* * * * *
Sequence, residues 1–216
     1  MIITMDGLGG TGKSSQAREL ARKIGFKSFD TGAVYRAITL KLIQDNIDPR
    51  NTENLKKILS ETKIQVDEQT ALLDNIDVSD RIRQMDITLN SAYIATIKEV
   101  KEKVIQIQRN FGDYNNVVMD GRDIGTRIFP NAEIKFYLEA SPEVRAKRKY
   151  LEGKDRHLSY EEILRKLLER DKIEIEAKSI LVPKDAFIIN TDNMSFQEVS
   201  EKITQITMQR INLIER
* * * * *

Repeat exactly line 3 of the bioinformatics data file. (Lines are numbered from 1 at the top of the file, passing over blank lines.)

    51  NTENLKKILS ETKIQVDEQT ALLDNIDVSD RIRQMDITLN SAYIATIKEV